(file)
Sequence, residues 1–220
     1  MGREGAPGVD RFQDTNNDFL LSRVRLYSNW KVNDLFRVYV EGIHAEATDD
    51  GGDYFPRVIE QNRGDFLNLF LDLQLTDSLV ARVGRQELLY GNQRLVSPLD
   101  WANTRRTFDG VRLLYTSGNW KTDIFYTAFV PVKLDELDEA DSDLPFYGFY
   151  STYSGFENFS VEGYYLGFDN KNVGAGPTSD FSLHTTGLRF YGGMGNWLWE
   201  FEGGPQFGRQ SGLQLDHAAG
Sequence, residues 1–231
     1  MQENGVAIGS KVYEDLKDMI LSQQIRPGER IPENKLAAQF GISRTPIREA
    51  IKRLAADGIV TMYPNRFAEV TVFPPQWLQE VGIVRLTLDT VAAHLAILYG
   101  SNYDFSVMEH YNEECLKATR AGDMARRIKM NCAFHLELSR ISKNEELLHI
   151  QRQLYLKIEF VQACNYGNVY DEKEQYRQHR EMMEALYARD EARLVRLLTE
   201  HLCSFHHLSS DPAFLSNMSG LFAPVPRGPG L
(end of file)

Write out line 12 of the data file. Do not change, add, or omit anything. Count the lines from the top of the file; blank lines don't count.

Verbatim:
   201  HLCSFHHLSS DPAFLSNMSG LFAPVPRGPG L